Southview asked me in the previous post:
"I bought a couple of lilac bushes (just stems with a couple of leaves) and they just arrived. Should I stick them in the ground now or pot them till spring then plant them?"
Here's my quick advice:
Stick the lilacs (or any plant you have) in the ground now. Preferably in a spot somewhat sheltered from the wind, but that isn't essential with most lilacs, as they are very hardy (mostly to zone 3 or zone 4; we are in zone 5; there are more tender lilac species, but I don't think anyone around here would be selling them).
The notion of a fall planting season isn't only a marketing gimmick, although in a colder climate like ours, the spring season is a slightly safer one for marginally hardy plants. The heat of summer does provide a real gap between these seasons, even in the Berkshires. But it's late enough in the year for this area that heat stress is no longer a factor.
Certainly by now we're in the fall season here (and the first official day of fall is September 23 this year), and the earlier in the fall you put your plants in, the better established they will be when the ground freezes hard (roots grow even after leaves fall, but not once the soil nears freezing).
Last year I don't believe the ground really froze until about January 10, so even November plantings of Zone 5 plants should have done fine, but you can't count on such a mild early winter. Basically, we have a couple more weeks of likely good planting season, although I might consider an October shrub purchase if the price is radically cheap (like 60% off a fair initial price).
Lilacs are not houseplants. Keeping them in the house in pots is actually more risky than planting them out, perhaps even if you have a cold greenhouse. And keeping plants in pots outside would be the one way cold could kill them. Effectively, being in pots tends to reduce hardiness by 2 zones. I believe that nurseries holding potted trees will bury even the hardiest of them in foot-deep piles of mulch.
I do recommend that, after some cold weather, when the top half-inch or so of ground is frozen, and rodents have found other places to spend the winter, you spread 2 inches of mulch around the new shrubs, keeping the mulch a couple inches from the trunk. The mulch layer is primarily meant to reduce sudden freeze-thaw cycles, but will also somewhat reduce the depth of hard freezing.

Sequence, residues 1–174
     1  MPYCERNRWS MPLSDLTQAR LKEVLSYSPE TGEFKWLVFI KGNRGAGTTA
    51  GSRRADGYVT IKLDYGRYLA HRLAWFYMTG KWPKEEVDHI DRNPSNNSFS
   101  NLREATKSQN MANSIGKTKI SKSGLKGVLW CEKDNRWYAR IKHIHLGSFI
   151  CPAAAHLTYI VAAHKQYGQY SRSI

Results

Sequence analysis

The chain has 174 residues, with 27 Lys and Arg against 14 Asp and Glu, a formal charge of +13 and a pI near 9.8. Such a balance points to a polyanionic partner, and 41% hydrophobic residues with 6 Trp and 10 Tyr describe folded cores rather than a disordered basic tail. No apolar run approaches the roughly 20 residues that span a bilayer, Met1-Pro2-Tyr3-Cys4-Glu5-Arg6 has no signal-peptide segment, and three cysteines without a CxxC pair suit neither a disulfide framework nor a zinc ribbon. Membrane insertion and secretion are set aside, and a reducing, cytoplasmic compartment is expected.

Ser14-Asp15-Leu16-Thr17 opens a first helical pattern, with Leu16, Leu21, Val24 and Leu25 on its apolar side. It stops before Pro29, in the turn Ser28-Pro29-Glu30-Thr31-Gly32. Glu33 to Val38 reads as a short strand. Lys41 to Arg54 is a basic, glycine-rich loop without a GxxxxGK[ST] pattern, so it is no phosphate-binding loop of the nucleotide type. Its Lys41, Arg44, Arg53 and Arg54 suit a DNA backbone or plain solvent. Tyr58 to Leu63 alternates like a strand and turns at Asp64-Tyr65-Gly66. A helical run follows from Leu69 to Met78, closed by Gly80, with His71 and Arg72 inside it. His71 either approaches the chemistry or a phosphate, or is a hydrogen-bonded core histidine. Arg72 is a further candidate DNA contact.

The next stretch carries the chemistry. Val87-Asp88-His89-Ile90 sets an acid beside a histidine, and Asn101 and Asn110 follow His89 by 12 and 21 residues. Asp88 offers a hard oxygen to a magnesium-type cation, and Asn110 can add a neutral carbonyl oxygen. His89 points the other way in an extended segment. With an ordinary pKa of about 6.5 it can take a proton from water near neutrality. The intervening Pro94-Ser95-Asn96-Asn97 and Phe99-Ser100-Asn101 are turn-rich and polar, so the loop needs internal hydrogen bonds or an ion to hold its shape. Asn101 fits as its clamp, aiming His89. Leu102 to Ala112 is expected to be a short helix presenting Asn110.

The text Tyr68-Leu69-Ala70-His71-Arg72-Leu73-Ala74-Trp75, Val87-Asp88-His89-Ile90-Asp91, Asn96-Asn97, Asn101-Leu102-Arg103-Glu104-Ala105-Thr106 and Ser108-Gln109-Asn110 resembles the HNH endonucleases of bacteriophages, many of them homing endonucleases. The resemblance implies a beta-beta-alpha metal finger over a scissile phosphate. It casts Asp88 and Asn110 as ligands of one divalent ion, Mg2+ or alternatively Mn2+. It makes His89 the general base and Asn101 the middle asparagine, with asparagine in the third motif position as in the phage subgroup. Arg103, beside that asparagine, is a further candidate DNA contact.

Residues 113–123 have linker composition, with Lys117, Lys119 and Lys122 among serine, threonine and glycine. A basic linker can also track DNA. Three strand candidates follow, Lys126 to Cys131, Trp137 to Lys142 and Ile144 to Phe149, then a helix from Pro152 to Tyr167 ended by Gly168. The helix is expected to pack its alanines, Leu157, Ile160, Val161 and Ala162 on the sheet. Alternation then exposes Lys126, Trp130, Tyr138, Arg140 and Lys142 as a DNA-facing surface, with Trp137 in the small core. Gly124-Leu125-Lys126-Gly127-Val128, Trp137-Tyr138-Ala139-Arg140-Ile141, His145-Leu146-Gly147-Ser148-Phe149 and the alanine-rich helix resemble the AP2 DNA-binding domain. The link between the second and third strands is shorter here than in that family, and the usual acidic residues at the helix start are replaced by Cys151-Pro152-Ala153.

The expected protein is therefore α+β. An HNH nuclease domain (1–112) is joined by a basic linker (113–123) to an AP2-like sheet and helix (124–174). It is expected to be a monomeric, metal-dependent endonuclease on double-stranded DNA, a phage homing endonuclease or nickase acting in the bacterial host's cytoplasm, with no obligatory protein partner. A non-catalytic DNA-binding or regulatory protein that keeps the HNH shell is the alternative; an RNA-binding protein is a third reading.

Most winter deaths for plants claimed to work in your zone, especially of new plantings, aren't due to absolute cold, but rather to dehydration, as frozen roots can't supply water to a dessicating plant. This is a bigger problem with evergreens, especially broad-leaved evergreens like Rhododendrons (I recommend Wilt Pruf or other antitranspirant spray for new plantings). You should note if there's a fall drought (which isn't as obvious as a summer drought) and if so keep the plants well-watered.
But ironically, good drainage actually helps prevent the frozen-dehydrated problem. Soggy ground freezes solid, while soil with proper drainage has air pores, freezes less deeply, and allows meltwater periodically to percolate in.
Naturally, I have not done extensive experimentation on all of this (i.e., with randomly selected plants and placebos), but am reporting the collected wisdom of botanists, arborists and other authors whose expertise I trust. I have seen Wilt Pruf-treated rhododendrons looking much happier than nontreated neighbor plants, and have noted the tendency of well-drained and amended beds to not freeze as hard as other spots.
[One last tip. Don't fertilize any plants other than annuals now, or after about mid-August for most zone 5 areas. Fertilizing will encourage soft new growth -- which will be killed off in cold weather -- and should be held off until next spring, generally when Forsythia blooms.]